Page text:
The farmers and marksmen involved in the badger culls are so fearful of reprisals from opponents of the trial that they are being protected by an iron cloak of anonymity, according to the director of the company running the programme in Gloucestershire.
Jan Rowe, a Gloucestershire beef farmer based outside the trial culling zone, and nominal director of Gloscon, said: “We’ve had quite a talk about putting our side of the story across publicly, but we can’t get anybody to do it.”
Mr Rowe has been targeted himself although he will not be directly involved in killing any badgers or in the day-to-day running of Gloscon. He said there is a desperate need to bring Britain’s bovine TB crisis under control and believes that culling would make an effective contribution.
“Gloucestershire is the TB capital of the world, we’ve been suffering for years and it’s had a major impact. Roughly 25 per cent of herds in Gloucestershire are infected at any one time which has very big implications for a lot of farmers because it means you can’t trade,” he said.
“It is not just about the animals you lose, it’s also the disruption and not knowing what the future holds, which is really frustrating. Culling is the missing part of a large package of measures – although it is not an answer in itself,” added Mr Rowe, who said he has lost nearly 180 cattle to TB in just over a decade, at a cost of nearly £500,000 in the past 12 years.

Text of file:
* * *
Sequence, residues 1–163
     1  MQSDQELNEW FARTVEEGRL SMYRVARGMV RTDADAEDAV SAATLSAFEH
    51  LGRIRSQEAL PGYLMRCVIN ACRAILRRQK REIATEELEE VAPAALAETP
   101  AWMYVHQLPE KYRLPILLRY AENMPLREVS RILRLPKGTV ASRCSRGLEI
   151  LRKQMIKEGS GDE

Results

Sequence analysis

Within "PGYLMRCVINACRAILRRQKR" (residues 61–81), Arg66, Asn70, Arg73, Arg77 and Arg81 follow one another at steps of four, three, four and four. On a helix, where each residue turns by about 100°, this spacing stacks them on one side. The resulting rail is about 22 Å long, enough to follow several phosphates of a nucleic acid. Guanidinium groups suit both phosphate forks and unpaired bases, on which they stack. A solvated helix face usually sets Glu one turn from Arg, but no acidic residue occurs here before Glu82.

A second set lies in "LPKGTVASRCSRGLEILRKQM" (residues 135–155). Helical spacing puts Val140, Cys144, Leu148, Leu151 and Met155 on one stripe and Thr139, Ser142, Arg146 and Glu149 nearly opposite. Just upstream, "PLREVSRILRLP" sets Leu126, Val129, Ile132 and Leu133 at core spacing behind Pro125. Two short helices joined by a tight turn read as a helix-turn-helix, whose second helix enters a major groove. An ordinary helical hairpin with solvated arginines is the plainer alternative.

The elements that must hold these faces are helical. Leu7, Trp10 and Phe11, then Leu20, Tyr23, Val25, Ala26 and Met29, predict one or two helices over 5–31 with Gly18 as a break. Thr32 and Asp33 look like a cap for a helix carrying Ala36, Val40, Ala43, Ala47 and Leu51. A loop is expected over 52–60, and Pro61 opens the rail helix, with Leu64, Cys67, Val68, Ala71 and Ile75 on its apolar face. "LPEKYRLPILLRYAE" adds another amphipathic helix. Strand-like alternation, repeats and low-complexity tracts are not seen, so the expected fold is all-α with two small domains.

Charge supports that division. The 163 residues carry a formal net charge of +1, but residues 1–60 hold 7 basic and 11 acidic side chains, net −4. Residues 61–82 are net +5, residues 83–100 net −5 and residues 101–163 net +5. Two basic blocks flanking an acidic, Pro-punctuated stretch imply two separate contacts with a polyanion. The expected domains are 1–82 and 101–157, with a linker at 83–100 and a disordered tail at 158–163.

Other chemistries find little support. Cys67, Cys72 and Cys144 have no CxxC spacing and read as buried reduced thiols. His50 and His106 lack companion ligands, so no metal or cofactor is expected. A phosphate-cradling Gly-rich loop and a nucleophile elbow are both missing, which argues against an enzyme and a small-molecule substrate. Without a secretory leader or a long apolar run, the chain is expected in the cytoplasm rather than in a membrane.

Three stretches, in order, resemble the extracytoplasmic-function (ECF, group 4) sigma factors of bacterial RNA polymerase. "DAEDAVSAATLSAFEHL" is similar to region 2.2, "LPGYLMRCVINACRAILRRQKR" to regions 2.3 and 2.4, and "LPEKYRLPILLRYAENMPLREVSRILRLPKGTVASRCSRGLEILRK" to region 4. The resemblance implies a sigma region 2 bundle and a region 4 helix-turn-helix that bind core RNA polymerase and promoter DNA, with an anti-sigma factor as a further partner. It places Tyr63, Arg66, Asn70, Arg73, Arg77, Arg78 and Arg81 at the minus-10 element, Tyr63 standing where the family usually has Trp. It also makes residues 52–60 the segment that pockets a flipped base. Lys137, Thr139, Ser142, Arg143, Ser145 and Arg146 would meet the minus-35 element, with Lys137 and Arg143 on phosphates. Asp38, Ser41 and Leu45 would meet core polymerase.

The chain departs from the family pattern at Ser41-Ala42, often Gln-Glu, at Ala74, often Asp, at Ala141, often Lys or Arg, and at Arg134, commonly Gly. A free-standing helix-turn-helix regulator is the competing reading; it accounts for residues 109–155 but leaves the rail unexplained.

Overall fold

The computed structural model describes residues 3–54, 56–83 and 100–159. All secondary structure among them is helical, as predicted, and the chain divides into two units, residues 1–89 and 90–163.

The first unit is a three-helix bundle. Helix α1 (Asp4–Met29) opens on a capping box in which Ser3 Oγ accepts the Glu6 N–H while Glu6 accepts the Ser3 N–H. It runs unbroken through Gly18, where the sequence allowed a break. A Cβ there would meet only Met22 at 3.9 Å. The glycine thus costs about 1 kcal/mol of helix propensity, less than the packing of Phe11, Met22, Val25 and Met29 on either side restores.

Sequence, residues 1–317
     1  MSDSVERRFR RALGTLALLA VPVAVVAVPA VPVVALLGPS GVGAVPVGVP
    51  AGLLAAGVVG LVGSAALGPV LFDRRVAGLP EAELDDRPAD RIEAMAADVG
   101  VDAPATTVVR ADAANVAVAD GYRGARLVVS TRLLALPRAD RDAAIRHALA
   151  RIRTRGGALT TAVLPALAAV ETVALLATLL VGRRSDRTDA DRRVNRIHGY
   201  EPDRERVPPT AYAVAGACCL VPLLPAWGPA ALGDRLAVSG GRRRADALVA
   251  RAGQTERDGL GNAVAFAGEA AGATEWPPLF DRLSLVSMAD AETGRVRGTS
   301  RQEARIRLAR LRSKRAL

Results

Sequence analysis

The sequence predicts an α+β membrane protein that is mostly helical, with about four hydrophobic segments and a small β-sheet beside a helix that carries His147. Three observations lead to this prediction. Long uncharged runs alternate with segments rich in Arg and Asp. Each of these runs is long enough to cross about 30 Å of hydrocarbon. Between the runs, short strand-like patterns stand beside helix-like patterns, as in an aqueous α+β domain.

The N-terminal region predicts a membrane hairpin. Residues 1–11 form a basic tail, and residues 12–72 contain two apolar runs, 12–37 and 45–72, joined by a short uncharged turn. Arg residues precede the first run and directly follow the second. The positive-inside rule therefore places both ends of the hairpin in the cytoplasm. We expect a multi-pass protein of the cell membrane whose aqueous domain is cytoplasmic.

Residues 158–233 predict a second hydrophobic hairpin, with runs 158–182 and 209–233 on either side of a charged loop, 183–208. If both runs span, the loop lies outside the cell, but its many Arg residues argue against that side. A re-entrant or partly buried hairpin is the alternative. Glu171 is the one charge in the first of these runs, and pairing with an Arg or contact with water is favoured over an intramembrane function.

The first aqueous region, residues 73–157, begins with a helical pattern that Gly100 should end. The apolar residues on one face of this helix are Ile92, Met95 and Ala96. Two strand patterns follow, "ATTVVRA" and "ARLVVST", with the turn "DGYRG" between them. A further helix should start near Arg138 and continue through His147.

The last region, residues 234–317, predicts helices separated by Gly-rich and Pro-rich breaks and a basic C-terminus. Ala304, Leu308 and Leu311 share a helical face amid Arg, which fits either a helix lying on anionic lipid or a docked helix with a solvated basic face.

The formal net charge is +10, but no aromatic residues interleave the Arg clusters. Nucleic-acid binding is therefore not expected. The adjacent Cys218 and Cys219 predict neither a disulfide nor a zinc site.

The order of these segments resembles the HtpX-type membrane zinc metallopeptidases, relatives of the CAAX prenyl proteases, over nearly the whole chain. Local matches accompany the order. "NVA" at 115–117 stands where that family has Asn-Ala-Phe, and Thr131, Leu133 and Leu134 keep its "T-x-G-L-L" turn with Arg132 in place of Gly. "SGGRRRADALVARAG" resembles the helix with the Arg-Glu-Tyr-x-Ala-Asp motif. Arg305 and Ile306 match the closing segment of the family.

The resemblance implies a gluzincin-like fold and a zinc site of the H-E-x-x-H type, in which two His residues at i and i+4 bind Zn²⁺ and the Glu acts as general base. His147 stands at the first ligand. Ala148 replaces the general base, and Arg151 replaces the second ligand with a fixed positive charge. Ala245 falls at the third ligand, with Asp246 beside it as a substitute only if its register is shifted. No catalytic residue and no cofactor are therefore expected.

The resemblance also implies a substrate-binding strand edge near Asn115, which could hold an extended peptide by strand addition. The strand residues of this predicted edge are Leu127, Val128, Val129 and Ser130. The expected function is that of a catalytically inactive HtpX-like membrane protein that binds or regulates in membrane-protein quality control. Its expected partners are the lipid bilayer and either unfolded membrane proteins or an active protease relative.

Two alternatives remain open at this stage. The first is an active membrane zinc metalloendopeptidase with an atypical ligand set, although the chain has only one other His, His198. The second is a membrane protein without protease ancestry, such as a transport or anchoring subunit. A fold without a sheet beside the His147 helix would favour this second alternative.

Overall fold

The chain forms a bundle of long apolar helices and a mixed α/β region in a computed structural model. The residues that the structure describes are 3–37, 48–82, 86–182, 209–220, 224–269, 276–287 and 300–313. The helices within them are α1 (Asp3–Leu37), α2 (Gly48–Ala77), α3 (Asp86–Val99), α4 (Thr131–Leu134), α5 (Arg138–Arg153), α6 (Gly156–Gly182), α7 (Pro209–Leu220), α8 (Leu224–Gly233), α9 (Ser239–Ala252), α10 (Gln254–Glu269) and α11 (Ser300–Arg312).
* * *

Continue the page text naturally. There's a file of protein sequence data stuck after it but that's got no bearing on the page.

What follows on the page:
Mr Rowe moved to defend the professionalism of the marksmen to do their jobs. “They are not just farmers wondering around with shot-guns taking pot shots. They are experienced people, many of whom are contracted on a regular basis to cull deers, foxes and rabbits on a regular basis.”
Other marksmen shoot regularly for a hobby and the majority of contractors are individuals, he said.
Asked if the marksmen believed they were doing a useful job, Mr Rowe said: “It is not about whether they are doing a useful job. They are paid contractors doing a useful job under strict controls.”
The majority of the badgers will be shot in the field by rifle or shotgun through a practice known as free-shooting. However, a small proportion in urban areas where shooting could be dangerous, will be “cage-trapped” and then shot.
It can take up to a fortnight to trap a badger in a cage in a process that involves lulling the animal into a false sense of security by laying peanuts or other bait increasingly close to the mouth of the structure. Finally the bait is laid inside the cage and, if the animal goes inside, they trigger a flap which traps them.